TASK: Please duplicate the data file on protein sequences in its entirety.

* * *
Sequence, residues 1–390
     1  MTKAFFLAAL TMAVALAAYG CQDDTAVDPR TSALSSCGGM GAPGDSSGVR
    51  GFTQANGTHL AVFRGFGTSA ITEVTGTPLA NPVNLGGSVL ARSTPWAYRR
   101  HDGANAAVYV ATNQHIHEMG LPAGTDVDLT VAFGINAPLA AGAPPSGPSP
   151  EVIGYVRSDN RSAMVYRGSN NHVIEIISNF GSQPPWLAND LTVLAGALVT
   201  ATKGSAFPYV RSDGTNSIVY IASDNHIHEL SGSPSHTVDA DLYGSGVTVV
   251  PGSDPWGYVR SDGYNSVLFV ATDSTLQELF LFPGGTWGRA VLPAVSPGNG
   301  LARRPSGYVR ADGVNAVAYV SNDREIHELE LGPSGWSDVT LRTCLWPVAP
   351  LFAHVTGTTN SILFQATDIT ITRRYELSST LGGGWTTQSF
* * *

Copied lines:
Sequence, residues 1–390
     1  MTKAFFLAAL TMAVALAAYG CQDDTAVDPR TSALSSCGGM GAPGDSSGVR
    51  GFTQANGTHL AVFRGFGTSA ITEVTGTPLA NPVNLGGSVL ARSTPWAYRR
   101  HDGANAAVYV ATNQHIHEMG LPAGTDVDLT VAFGINAPLA AGAPPSGPSP
   151  EVIGYVRSDN RSAMVYRGSN NHVIEIISNF GSQPPWLAND LTVLAGALVT
   201  ATKGSAFPYV RSDGTNSIVY IASDNHIHEL SGSPSHTVDA DLYGSGVTVV
   251  PGSDPWGYVR SDGYNSVLFV ATDSTLQELF LFPGGTWGRA VLPAVSPGNG
   301  LARRPSGYVR ADGVNAVAYV SNDREIHELE LGPSGWSDVT LRTCLWPVAP
   351  LFAHVTGTTN SILFQATDIT ITRRYELSST LGGGWTTQSF